Four Dimensions of Criticism Against Gender-Fair Language
Hellen Petronella Vergoossen
&Emma Aurora Renström
&Marie Gustafsson Sendén
#The Author(s) 2020
The gender-neutral third-person pronoun singular hen was recently introduced in Swedish as a complement to she (hon)andhe
(han). The initiative to add hen initially received strong criticism. In the present study, we analyzed 208 arguments from 168
participants with critical attitudes toward hen.WeusedBlaubergs’(1980) and Parks and Roberton’s(1998)taxonomiesofcritical
arguments against past gender-fair language reforms in English in the 1970s and 1990s as a basis for coding the arguments. A
majority of arguments (80.7%) could be coded into existing categories, indicating that criticisms of gender-fair language
initiatives are similar across different times and cultural contexts. Two categories of arguments did not fit existing categories
(19.3%): gender-neutral pronouns are distracting in communication and gender information is important in communication.
Furthermore, we established four overarching dimensions that capture assumptions and beliefs underlying gender-fair language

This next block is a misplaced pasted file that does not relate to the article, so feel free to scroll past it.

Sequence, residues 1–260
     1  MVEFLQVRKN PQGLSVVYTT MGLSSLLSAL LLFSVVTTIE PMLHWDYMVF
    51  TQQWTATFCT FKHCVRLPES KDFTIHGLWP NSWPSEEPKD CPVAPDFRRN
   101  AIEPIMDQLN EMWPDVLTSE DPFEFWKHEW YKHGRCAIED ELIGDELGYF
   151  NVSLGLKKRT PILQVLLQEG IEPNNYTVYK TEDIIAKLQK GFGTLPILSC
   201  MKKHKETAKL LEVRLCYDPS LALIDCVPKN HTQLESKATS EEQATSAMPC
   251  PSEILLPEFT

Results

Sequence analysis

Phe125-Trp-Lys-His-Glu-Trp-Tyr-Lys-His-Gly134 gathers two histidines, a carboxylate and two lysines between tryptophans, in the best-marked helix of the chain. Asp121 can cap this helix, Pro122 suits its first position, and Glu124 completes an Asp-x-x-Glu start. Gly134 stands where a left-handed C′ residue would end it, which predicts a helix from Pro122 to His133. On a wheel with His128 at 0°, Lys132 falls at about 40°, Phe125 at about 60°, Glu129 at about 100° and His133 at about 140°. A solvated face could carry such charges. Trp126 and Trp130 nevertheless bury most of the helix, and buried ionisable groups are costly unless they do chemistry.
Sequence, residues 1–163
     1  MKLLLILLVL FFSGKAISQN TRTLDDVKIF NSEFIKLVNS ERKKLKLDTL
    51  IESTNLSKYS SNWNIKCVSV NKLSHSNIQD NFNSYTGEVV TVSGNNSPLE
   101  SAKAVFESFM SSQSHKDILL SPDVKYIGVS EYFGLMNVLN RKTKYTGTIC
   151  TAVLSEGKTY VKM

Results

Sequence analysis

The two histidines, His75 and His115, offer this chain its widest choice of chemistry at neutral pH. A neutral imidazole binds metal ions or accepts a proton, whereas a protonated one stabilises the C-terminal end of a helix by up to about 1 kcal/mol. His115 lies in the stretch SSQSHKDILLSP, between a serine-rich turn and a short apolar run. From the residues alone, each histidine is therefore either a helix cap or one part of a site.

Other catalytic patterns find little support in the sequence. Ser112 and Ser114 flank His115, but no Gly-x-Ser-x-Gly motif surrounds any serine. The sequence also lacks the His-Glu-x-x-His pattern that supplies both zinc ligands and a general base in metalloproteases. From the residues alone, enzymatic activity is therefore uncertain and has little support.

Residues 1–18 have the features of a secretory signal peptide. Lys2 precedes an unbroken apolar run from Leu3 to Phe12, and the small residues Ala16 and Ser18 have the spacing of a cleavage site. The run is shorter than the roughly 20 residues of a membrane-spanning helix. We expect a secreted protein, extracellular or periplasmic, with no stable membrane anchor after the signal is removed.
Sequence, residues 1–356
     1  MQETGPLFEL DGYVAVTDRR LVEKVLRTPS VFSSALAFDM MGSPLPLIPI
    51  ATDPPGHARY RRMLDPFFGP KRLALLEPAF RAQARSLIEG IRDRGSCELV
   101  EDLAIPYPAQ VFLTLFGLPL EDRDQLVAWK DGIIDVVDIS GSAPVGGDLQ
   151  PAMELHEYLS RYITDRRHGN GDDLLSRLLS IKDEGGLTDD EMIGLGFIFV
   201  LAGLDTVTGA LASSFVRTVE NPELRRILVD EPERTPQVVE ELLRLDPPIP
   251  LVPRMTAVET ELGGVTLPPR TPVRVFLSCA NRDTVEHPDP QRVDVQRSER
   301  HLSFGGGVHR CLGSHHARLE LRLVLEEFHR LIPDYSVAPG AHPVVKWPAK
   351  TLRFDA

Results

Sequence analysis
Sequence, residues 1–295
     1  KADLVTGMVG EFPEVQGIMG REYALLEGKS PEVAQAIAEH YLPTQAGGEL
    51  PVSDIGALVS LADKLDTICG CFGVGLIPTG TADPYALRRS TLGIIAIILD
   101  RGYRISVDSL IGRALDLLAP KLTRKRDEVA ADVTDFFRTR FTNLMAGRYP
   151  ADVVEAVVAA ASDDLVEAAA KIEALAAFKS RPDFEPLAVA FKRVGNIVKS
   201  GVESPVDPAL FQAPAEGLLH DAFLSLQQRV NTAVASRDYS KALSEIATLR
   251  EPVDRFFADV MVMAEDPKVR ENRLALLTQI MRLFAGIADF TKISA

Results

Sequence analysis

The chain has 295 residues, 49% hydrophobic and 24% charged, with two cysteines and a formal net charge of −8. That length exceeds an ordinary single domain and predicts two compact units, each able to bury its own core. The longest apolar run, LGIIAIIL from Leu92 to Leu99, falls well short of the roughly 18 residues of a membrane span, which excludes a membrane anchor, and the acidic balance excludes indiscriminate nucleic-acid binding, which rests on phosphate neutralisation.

criticism: (a) Defending the Linguistic Status Quo (39.4%), (b) Sexism and Cisgenderism (27.4%), (c) Diminishing the Issue and
Its Proponents (26.9%), and (d) Distractor In Communication (6.3%). These dimensions of criticisms should be considered and
addressed in different ways when implementing gender-fair language.
Keywords Gender .Gender identity .Gender-fair language .Gender-inclusive language .Gender-neutral pronouns .Hen .
Language reforms .Pronouns .Sexism
Gender-fair language strategies often face resistance. Negative
attitudes have been documented against specific gender-fair
reforms, such as the replacement of the masculine generic he
with the paired form he/she (Blaubergs 1980), guidelines for
non-sexist language (Parks and Roberton 1998), and the in-
troduction of a gender-neutral pronoun (Gustafsson Sendén
et al. 2015;Bäcketal.2015,2018; Lindqvist et al. 2019).
Past research has discerned several arguments that are used
against adopting gender-fair language. Blaubergs (1980)
developed a taxonomy of arguments against gender-fair lan-